So what's wrong with the Red Sox?

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As I type this the Red Sox are down 8-2 to the Rays, and are about to lose their fifth straight game and their sixth out of seven. In ATH this morning I wrote that we’d see a bunch of “what’s wrong with the Red Sox” articles today, but I didn’t see any. With this fresh debacle to the Rays, however, I’m sure we’ll see them tomorrow.

Ah, screw it. Let’s write one of our own!  So what is wrong with the Red Sox?

  • Cold bats: As I type this the Rays game is still happening so it may get worse or may get better, but currently they’re 1 for 30-something with runners in scoring position (that one came courtesy of a Bill Hall single a few minutes ago). They’ve scored nine runs in the past five games.  Dustin Pedroia is hitting so far this season. Youkilis is doing OK too. Everyone else is snoozing. At least one of the snoozers — David Ortiz — may never wake up.
  • Health: Two-thirds of the outfield is out, Cameron with kidney stones and Ellsbury with his bruised ribs. This has contributed to the cold bats, of course, as well as some recently shaky defense. When those other “what’s wrong” articles come tomorrow morning you just watch: they’re going to say that the whole run prevention/defense approach is a failure. They won’t acknowledge that it’s hard to play good defense when two of your best defensive players are on the shelf.
  • The Competition: Like I said this morning, part of the reason the Red Sox have looked so bad over the last week is because their competition has been so good. The Rays don’t look like world beaters simply because they’ve been playing the Sox. They’re really, really good in their own right (I picked them second this year). Same goes for the Twins, who could run away with the AL Central if they keep doing what they’ve been doing. Getting beat by good teams doesn’t mean you’re fatally-flawed. It just means you’re not as good as the other guys.

But you know what? We can sit here and talk about what specifically ails the Sox all afternoon, but ultimately it may not matter. As soon as this game ends the Sox will be six games back of the Rays and 5.5 back of the Yankees. That’s an awful big hole for this early in the season in a division like the AL East.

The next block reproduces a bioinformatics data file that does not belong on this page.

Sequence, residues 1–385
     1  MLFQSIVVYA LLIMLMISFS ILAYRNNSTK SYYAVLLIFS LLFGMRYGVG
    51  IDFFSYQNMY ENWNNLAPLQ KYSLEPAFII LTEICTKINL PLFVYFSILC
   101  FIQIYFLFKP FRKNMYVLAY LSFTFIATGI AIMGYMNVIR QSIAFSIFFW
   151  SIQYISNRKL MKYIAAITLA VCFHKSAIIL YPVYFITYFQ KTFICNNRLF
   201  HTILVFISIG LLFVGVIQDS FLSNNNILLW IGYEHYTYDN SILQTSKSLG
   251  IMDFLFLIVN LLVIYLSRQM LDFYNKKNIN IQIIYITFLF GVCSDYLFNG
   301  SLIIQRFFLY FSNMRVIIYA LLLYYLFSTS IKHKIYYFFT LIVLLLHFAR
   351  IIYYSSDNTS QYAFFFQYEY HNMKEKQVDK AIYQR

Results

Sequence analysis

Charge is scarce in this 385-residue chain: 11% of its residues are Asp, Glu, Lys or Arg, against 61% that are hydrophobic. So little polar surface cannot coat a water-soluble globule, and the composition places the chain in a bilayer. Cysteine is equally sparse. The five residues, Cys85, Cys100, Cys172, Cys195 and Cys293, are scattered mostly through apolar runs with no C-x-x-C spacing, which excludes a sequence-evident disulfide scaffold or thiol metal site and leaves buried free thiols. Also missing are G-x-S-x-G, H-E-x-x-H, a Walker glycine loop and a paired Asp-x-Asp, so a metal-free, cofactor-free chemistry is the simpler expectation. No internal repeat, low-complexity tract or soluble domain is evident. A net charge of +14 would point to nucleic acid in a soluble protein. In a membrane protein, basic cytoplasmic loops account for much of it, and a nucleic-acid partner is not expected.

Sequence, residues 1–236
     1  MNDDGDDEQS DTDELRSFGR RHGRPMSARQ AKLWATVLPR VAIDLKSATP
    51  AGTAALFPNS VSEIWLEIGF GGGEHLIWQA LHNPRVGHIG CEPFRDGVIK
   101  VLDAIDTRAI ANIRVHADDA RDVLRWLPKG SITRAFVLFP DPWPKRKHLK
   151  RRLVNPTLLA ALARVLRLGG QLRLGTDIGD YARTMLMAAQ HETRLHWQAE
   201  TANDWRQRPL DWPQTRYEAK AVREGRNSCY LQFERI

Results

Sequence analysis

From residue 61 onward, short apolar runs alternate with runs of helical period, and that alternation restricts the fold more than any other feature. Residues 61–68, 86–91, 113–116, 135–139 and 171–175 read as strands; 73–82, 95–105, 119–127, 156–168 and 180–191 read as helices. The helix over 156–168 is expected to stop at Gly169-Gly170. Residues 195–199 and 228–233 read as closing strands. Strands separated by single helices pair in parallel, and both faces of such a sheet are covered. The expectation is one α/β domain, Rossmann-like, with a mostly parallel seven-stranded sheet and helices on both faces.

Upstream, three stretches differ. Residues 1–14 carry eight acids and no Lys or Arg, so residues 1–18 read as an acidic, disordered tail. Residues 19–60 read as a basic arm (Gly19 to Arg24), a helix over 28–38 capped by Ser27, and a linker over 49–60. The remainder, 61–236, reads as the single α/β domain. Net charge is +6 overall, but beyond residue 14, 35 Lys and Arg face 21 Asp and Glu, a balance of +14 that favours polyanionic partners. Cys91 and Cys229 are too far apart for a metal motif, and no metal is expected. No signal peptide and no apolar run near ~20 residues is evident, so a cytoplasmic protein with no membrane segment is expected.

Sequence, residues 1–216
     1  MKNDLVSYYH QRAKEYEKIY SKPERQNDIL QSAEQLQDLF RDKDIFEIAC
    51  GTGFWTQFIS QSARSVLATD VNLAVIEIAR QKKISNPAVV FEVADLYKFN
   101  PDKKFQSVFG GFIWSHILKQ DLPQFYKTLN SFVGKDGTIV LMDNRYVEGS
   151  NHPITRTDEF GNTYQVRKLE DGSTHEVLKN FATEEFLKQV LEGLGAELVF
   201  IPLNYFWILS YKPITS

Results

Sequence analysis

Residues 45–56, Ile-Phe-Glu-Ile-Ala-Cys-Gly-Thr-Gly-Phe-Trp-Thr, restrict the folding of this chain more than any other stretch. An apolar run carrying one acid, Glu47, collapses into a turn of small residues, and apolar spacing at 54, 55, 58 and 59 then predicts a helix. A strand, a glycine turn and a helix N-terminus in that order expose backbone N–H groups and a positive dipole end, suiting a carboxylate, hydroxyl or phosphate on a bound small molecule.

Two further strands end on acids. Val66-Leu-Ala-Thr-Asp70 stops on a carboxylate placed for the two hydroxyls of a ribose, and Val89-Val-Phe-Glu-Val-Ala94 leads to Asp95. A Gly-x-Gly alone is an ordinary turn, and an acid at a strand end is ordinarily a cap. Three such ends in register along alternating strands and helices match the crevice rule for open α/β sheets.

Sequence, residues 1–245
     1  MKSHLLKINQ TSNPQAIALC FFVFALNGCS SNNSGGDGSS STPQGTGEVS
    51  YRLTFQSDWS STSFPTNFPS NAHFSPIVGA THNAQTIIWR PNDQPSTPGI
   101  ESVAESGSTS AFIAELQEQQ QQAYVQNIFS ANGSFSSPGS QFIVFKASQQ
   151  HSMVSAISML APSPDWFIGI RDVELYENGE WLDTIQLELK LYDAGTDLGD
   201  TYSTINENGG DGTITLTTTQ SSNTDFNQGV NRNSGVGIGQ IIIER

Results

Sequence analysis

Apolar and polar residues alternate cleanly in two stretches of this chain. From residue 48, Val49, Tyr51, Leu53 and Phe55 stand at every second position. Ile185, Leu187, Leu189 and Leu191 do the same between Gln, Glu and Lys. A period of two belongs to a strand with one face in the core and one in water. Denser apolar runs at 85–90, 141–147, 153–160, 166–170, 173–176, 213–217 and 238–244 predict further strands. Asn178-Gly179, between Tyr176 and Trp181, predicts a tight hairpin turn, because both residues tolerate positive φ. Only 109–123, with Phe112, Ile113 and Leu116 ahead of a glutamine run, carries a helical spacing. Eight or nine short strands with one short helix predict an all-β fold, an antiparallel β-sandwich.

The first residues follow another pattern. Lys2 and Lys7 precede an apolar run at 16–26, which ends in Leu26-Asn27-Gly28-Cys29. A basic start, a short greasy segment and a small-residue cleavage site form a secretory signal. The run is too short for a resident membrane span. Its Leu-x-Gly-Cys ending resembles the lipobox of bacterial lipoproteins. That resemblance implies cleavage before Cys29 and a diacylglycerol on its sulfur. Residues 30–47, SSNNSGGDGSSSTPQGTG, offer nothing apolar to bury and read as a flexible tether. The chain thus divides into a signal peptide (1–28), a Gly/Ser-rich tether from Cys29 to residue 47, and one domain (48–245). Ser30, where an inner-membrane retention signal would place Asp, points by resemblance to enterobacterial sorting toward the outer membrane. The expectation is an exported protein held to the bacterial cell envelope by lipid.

So can what’s wrong with the Red Sox be fixed? I don’t know, but it may already be a pretty irrelevant question.

And That Happened: Thursday’s Scores and Highlights

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Here are the scores. Here are the highlights:

Mets 24, Phillies 4; Phillies 9, Mets 6: At least in a doubleheader you have the chance to shake off the first game if it doesn’t go your way. And boy howdy did the first game not go Philly’s way. In that one the Mets hung a 10-spot in the fifth inning and scored 24 runs on 25 hits. Only 11 of those runs were earned. It was an ugly, ugly game with two position players pitching including one, Scott Kingery, who was just lobbing in slow, fat pitches that didn’t even register on the radar gun. The only saving grave for the Phillies was that the game was “broadcast” on Facebook and no one watches those. If you want a full writeup of the carnage Bill, a Phillies fan, had to do it last night.

In the nightcap Philly righted the ship, with Zach Eflin pitching into the seventh and Phillies batters jumping on Steven Matz early. Rhys Hoskins hit a three-run homer and Kingery hit a solo shot that went out a bit faster than his fastballs came in in the first game.

Rangers 8, Angels 6: Neither of these teams are going to be playing six weeks from now, but they’ll always have this weird, kind of disjointed bases-loaded 5-4 triple-play to remember. It was an historical one too as it was the majors’ first triple play without retiring the batter in over 106 years: